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Series: PDE Seminar

We prove a conjecture of Bryant, Griffiths, and Yang concerning the characteristic variety for the determined isometric embedding system. In particular, we show that the characteristic variety is not smooth for any dimension greater than 3. This is accomplished by introducing a smaller yet equivalent linearized system, in an appropriate way, which facilitates analysis of the characteristic variety.

Series: PDE Seminar

We first discuss blow-up rates and the blow-up profiles of possible asymptotically self-similar singularities of the 3D Euler equations,
where the sense of convergence and self-similarity are considered in various sense. We extend much further, in particular, the previous nonexistence results of self-similar/asymptotically self-similar singularities. In the second part of the talk we discuss some observations on the Euler equations with symmetries, which shows that the point-wise behavior of the pressure along the flows is closely related to the blow-up of of solutions.

Series: PDE Seminar

Under the classical small-amplitude, long wave-length assumptions in which the
Stokes number is of order one, so featuring a balance between nonlinear and dispersive effects,
the KdV-equation
u_t+ u_x + uu_x + u_xxx = 0 (1)
and the regularized long wave equation, or BBM-equation
u_t + u_x + uu_x-u_xxt = 0 (2)
are formal reductions of the full, two-dimensional Euler equations for free surface flow. This
talk is concerned with the two-point boundary value problem for (1) and (2) wherein the wave
motion is specified at both ends of a finite stretch of length L of the media of propagation.
After ascertaining natural boundary specifications that constitute well posed problems, it is
shown that the solution of the two-point boundary value problem, posed on the interval [0;L],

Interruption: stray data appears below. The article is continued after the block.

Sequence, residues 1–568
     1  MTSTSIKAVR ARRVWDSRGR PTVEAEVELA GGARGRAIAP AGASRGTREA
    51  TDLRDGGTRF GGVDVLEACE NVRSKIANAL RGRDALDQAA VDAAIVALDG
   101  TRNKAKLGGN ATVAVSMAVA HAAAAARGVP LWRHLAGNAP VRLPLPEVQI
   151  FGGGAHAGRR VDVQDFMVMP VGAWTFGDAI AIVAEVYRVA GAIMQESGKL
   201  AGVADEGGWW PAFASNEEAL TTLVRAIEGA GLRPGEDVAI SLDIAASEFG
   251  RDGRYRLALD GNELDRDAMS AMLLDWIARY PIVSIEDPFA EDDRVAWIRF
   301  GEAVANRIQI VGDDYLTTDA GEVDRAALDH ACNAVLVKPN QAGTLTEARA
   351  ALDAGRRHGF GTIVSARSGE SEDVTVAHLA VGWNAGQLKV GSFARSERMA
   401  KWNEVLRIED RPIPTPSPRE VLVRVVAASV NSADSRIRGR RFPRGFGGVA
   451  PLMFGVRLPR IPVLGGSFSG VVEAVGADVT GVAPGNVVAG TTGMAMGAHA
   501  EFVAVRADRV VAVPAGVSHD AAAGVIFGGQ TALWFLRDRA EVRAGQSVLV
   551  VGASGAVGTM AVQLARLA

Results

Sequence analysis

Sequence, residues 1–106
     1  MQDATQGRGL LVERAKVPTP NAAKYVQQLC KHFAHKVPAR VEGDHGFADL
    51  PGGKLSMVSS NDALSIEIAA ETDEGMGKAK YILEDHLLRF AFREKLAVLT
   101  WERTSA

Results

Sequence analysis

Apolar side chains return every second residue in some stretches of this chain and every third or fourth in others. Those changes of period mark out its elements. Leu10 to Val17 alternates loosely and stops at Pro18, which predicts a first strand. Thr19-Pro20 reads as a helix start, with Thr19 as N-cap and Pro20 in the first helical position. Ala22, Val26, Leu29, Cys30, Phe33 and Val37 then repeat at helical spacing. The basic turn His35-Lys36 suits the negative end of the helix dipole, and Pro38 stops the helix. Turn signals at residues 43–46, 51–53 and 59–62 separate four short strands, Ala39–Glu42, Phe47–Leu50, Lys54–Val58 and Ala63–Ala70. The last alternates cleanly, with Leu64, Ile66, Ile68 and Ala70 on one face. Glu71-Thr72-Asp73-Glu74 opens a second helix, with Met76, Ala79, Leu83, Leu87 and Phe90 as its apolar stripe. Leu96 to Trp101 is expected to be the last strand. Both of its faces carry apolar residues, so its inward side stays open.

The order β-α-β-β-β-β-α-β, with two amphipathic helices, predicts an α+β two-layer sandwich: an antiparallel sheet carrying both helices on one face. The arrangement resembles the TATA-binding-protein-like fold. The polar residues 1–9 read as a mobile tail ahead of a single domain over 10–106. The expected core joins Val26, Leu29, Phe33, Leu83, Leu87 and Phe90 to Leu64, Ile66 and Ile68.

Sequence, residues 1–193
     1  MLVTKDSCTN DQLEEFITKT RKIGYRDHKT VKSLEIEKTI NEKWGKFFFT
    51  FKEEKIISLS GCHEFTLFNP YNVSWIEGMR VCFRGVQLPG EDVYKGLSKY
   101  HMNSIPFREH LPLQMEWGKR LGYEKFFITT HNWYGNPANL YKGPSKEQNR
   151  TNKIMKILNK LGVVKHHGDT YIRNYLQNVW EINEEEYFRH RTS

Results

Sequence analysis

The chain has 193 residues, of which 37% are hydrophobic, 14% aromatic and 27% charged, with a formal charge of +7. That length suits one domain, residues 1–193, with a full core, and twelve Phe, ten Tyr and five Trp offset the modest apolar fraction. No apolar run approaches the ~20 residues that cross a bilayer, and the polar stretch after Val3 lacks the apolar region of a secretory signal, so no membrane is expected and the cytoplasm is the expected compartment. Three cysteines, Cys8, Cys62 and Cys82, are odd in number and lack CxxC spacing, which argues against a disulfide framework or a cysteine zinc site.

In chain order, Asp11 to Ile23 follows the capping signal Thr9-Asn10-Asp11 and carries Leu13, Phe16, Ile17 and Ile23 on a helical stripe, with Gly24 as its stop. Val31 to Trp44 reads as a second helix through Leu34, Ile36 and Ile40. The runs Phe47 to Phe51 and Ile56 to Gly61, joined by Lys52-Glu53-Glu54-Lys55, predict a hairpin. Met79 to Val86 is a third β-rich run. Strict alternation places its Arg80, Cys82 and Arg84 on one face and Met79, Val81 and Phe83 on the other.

say, converges as L converges to infinity, to the solution of the quarter-plane boundary value problem in
which a semi-infinite stretch [0;1) of the medium is disturbed at its finite end (the so-called
wavemaker problem). In addition to its intrinsic interest, our results provide justification for the use of the
two-point boundary-value problem in numerical studies of the quarter plane problem for
both the KdV-equation and the BBM-equation.

Series: PDE Seminar

We study the asymptotic behavior of the infinite Darcy-Prandtl number Darcy-Brinkman-Boussinesq model for convection in porous media at small Brinkman-Darcy number. This is a singular limit involving a boundary layer with thickness proportional to the square root of the Brinkman-Darcynumber . This is a joint work with Jim Kelliher and Roger Temam.

Series: PDE Seminar

We formulate a plasma model in which negative ions tend to a fixed, spatially-homogeneous background of positive charge. Instead of solutions with compact spatial support, we must consider those that tend to the background as x tends to infinity. As opposed to the traditional Vlasov-Poisson system, the total charge and energy are thus infinite, and energy conservation (which is an essential component of global existence for the traditional problem) cannot provide bounds for a priori estimates. Instead, a conserved quantity related to the energy is used to bound particle velocities and prove the existence of a unique, global-in-time, classical solution. The proof combines these energy estimates with a crucial argument which establishes spatial decay of the charge density and electric field.